Saturday, December 3, 2011

Virtual travel in the Ottoman world

During 2011, UNESCO has celebrated the life of Evliya Celebi, an Ottoman traveller born in 1611. Over the course of forty years of the seventeenth century, Evliya Celebi wrote a book entitled Seyahatname - The Book of Travels - which describes his experiences with people in various parts of the world.
In London, a group of historians, musicians and multi-media artists were inspired by Evliya Celebi's work. They thought that this author could be a representative for larger social processes:
In the 17th century travelling such vast distances would have been no easy feat, yet in many ways these travellers embodied what was happening on a much larger scale worldwide. As we travel through Istanbul, London, Vienna and Cairo, we find that these stories and cities do not exist in isolation, rather they are intertwined and are influenced by each other.

In order to communicate these relationships, the project group decided to build a physical exhibition that would only be open for only a few days. The primary function would be to create a virtual exhibition on The Book of Travels. They write:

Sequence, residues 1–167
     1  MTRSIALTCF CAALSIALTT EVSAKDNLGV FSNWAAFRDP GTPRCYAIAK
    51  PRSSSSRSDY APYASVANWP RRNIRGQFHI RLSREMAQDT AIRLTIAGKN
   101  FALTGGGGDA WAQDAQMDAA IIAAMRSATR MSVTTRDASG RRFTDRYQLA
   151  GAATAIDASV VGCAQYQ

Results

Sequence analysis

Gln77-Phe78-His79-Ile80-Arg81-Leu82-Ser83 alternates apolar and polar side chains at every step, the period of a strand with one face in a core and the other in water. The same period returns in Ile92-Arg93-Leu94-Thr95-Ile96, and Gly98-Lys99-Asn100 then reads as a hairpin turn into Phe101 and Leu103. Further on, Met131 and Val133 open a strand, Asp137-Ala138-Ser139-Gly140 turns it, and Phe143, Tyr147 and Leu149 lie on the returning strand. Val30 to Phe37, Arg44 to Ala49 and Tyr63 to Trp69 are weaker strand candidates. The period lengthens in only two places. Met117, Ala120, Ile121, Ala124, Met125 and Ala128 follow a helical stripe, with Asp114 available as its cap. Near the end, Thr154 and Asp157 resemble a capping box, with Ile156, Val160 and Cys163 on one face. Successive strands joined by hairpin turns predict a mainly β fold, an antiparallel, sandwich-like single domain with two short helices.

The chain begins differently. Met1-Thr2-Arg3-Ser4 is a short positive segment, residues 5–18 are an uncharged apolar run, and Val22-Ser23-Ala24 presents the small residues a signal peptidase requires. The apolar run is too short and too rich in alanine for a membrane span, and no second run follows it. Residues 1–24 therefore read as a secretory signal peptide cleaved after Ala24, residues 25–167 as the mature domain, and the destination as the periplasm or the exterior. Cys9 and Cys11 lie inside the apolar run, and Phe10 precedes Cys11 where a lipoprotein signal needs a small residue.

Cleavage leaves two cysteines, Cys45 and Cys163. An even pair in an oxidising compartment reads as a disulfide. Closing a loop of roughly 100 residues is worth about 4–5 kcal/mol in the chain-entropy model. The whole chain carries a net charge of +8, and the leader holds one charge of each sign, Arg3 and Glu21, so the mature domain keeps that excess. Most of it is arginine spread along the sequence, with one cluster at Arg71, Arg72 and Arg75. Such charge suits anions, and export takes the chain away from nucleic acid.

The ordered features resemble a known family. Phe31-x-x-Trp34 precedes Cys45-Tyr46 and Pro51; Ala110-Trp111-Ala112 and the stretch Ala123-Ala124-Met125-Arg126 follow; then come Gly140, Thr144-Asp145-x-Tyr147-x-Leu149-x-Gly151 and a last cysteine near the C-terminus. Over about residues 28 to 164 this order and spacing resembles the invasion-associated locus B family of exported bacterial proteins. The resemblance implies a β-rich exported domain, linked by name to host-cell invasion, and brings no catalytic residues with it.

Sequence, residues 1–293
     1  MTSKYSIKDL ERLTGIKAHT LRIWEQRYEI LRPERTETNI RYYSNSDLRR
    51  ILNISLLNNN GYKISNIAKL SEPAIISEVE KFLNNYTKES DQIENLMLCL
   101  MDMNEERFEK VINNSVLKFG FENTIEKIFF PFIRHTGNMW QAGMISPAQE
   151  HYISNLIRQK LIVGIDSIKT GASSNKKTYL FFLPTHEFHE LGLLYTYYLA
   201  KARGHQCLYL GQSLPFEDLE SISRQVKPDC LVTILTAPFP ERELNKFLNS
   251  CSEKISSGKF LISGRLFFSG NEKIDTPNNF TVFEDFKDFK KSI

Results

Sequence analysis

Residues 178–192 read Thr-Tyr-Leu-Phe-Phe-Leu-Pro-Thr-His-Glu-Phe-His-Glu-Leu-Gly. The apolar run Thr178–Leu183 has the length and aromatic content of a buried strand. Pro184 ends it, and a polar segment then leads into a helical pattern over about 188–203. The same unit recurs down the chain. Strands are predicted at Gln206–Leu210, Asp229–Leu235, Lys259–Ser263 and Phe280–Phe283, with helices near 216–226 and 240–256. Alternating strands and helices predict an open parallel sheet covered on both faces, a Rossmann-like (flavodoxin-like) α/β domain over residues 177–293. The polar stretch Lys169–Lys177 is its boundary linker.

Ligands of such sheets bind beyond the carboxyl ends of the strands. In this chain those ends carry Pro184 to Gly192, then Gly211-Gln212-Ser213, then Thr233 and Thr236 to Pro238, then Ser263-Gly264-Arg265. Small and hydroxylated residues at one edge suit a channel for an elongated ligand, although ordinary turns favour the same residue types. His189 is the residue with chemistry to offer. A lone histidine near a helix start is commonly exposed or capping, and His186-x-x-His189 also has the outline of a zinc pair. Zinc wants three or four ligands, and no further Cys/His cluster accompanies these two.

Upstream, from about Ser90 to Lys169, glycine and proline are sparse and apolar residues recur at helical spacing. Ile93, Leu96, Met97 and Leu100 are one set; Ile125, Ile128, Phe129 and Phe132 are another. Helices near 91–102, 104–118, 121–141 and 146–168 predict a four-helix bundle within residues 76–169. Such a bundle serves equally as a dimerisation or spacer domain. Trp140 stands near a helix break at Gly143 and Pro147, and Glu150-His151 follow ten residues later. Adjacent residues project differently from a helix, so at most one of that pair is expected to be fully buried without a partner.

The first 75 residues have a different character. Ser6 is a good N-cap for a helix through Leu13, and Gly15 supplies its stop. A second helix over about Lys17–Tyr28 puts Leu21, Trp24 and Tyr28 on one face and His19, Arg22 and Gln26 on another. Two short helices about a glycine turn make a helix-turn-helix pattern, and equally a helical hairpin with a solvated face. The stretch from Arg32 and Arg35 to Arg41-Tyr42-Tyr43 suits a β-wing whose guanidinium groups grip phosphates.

We really wanted to share the full experience of being immersed in the physical exhibition, and decided that the best way to do that was to share both the overall experience of standing in the room, and the ability to wander up close to each component and almost reach out and touch each panel.

The photo-mapping technique used is similar to how the Google art project has allowed virtual visitors to wander through various famous art galleries.
Although the physical/virtual exhibition was taken down in London, the project is still alive on the web and as a travelling exhibition. I notice that the British Council will be opening The Book of Travels in Thessaloniki just before Christmas this year:

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